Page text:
# FAQ: Introduction to Functions - Keyword Arguments

#1

This community-built FAQ covers the “Keyword Arguments” exercise from the lesson “Introduction to Functions”.

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This exercise can be found in the following Codecademy content:

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split this topic #2

A post was split to a new topic: Why doesn’t the following code work;?

#3

In section 7 the following statement appears “When a function has a default value for one of its parameters, we can no longer call it positionally, and only by keyword.”

I can’t replicate the above statement. If a function has a default value and I call it using a positional argument it works fine. Am I misunderstanding what the above quote is trying to explain?

#4

It could be that if you define a specific phrase, in this case the function was defined as saying "Engrossing Grocer’s " it will automatically call that phrase no matter what, so you don’t need to use a positional argument for it. Whereas, with the special item it didn’t have a specific phrase, so it would need to be called and a phrase or keyword would need to be introduced. I hope this helps.

#5

I have a similar question. In the quiz, a function is defined as follows:
def update(new_value = 10):
old_value = new_value

It asks how to call the function with new_value of 20.

update(20)

So does this work because there is only one parameter for the function, so that the keyword new_value doesn’t need to be explicitly spelled out when calling the function? If there were more parameters, each with a default value, or some has default values and others don’t, how would it work? Would the keyword arguments need to be spelled out in those cases?

thanks

#6

`new_value` is only a local variable, not accessible outside of the function. It is preset to 10, but takes on any value we pass in. If no value is passed in, then `new_value` becomes 10.

Multiple keywords are possible, but the position is critical.

``````>>> def foo(a = 1, b = 2, c = 3):
return a * 4, b * 3, c * 2

>>> foo()
(4, 6, 6)
>>> foo(4)
(16, 6, 6)
>>> foo(4, 5)
(16, 15, 6)
>>> foo(4, 5, 6)
(16, 15, 12)
>>>
``````

#7

Yea I’m still stuck on that statement in part 7 “When a function has a default value for one of its parameters, we can no longer call it positionally, and only by keyword.”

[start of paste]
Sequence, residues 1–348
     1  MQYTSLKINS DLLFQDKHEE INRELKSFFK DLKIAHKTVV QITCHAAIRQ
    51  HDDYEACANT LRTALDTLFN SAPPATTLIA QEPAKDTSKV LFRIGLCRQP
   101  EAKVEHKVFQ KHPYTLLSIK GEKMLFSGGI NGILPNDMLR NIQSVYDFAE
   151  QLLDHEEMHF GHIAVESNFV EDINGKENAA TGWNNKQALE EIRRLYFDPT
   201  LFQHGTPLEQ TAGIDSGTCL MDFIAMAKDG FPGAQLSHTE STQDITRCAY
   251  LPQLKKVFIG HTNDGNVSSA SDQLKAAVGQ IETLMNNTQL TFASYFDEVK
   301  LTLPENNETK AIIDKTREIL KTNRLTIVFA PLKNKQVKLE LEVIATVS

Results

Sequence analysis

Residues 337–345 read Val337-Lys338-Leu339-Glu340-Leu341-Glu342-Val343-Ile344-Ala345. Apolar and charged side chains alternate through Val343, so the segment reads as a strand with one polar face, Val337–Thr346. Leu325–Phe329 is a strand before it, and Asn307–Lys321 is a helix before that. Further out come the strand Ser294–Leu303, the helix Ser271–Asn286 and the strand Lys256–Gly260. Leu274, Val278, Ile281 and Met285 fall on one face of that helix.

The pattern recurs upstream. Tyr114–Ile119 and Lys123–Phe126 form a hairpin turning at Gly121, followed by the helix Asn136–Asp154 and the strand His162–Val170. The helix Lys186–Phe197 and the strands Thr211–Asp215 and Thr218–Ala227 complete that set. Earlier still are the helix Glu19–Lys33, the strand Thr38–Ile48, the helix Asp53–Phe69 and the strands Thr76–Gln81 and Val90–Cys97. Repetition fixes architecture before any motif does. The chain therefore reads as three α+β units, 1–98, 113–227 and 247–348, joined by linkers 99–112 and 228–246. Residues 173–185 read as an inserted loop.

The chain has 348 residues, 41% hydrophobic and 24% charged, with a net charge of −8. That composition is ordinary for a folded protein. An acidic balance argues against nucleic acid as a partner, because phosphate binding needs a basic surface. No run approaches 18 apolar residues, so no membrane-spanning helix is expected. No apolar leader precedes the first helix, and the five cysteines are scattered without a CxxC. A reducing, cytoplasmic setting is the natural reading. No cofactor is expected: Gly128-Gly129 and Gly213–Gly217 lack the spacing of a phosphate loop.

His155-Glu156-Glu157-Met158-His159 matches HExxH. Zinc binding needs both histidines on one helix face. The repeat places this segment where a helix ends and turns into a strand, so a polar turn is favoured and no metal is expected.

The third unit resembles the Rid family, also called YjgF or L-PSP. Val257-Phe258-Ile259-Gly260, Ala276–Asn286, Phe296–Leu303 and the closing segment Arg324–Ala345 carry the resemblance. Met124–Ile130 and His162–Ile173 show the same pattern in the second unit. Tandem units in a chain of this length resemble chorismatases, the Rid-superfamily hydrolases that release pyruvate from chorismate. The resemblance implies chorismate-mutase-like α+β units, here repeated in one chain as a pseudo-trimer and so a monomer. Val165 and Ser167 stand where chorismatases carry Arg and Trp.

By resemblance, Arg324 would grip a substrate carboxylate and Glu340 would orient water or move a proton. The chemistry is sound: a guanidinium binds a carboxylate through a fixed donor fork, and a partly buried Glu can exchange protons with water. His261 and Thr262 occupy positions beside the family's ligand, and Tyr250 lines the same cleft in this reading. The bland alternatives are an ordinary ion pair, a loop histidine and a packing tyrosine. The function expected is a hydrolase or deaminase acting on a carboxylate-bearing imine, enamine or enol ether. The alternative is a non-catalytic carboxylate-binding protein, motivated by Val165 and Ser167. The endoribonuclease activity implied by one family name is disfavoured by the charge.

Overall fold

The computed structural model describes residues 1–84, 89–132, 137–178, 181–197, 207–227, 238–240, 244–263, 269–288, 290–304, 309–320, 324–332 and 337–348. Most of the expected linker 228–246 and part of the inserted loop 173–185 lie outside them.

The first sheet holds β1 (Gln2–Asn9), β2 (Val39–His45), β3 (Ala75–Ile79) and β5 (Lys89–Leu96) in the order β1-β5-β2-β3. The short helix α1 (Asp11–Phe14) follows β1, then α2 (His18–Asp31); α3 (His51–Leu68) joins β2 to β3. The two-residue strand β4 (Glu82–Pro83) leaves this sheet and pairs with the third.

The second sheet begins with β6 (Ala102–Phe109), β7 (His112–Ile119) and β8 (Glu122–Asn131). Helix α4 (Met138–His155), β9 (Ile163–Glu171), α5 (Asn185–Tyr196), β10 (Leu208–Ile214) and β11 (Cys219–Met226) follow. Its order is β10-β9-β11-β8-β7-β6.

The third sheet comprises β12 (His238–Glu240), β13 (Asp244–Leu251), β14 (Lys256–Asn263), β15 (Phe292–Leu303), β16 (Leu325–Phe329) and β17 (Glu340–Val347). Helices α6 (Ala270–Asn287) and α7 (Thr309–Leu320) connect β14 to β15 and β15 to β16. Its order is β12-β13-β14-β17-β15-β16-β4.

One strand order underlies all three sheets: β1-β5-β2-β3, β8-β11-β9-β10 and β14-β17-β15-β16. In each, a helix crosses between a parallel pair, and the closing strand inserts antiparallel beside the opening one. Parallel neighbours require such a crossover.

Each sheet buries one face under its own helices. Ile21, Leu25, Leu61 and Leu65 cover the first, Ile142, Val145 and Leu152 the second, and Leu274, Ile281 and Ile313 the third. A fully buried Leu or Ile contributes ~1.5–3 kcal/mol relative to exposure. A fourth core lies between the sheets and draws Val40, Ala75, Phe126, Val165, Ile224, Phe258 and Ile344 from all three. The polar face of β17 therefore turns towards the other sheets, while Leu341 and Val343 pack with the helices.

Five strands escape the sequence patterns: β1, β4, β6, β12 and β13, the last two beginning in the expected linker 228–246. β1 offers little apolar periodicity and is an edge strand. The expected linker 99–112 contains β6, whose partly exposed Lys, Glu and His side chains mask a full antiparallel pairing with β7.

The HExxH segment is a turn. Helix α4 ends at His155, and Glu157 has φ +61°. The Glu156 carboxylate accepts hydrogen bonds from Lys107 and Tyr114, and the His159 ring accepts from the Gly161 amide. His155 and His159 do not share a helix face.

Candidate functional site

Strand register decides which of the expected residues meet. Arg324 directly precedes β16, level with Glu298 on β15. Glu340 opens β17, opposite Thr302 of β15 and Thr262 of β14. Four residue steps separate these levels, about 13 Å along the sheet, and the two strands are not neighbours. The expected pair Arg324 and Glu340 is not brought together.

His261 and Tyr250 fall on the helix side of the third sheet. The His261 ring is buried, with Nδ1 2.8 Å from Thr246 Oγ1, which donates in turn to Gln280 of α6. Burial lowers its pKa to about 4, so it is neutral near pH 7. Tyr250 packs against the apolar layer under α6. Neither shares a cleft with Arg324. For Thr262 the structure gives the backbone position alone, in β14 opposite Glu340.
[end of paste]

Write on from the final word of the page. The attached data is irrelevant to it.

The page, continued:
I intended to break it to check this, and I’m able to pass arguments positionally that have default values and receive the correct output

Example from the lesson:

print(“Creating a speadsheet called " + title + " with " + str(row_count) + " rows”)

# Call create_spreadsheet() below with the required arguments:

create_spreadsheet(“Applications”, 10) #<----- notice here that I did not explicitly call row_count.

#8

Hey ! Is it possible to put a default argument before a non default argument when defining a function. If yes how can we call it ?

#9

Consider,

``````>>> def remove_x(word, x='i'):
return ''.join(word.split(x))

>>> remove_x('mississippi')
'msssspp'
>>> def remove_x(x='i', word):
return ''.join(word.split(x))
SyntaxError: non-default argument follows default argument
>>>
``````

#10

Hello all, first timer here.

I was wondering what the point of keywording something in the parameter is ? In the example of the exercise that have been mentioned in this thread:

def greet_customer(special_item, grocery_store=“Engrossing Grocer’s”):
print("Welcome to "+ grocery_store + “.”)
print("Our special is " + special_item + “.”)
print(“Have fun shopping!”)

Engrossing Grocer’s has now been keyworded into the parameter’s positional arguements.

It seems to me that this is extra work and redundant coding, since keywording something to a parameter is pretty much the same as me doing this :

def greet_customer(special_item):
print(“Welcome to Engrossing Grocer’s.”)
print("Our special is " + special_item + “.”)
print(“Have fun shopping!”)

now isn’t that pretty much the same as me keywording it into the parameter ? but with less code ?
or does keywording something as in the example have broader uses ?

also, on a side note. How do I store a functions output as a variable ?

ex:

def somernumbers(number, x, y)
print(number + x*y)

now that prints the number to the console, but
how do I go about storing that number/function as a variable ? I’ve tried all sorts of things, but with no luck.

Thank you all so much in advance.

#11

It is not the same. That example has hard coded a literal into the function body, and does not allow for a second positional argument. By keywording a default value, we may still replace that with a literal argument in subsequent calls.

``````>>> def add_to_list(temp_list=[], item='temp_item'):
temp_list.append(item)
return temp_list

>>> my_list
['temp_item']
>>> my_list
['existing item', 'temp_item']
>>> my_list = add_to_list(['existing item'], 'new item')
>>> my_list
['existing item', 'new item']
>>>
``````

#12

What do you mean by a “special item” ? The sentence which emommsen was referring to, still seems to be wrong. Calling a function positionally works absolutely fine, even though it has a default parameter (which accepts any other argument anyway).

#13

I feel like I am at my wits end on the section 7, when it asks me to call create_spreadsheet with a title “downloads” it doesn’t accept my answer, but when I check the solution the answer is exactly what I put in! Please see below:

#14

Did you write,

``````create_spreadsheet("downloads")
``````

or,

``````create_spreadsheet("Downloads")
``````

?

#15

#16

MIght be the lesson timed out. Tried a refresh and Save again.

#17

Thank you sorted now

#18

The syntax error code helped me to understand what they were trying to say in the lesson. Thank you!

#19

So does this imply that default values must always be at the end of a list of arguments? We can’t have it before any non-defaults?

#20

More than imply; it’s the rule.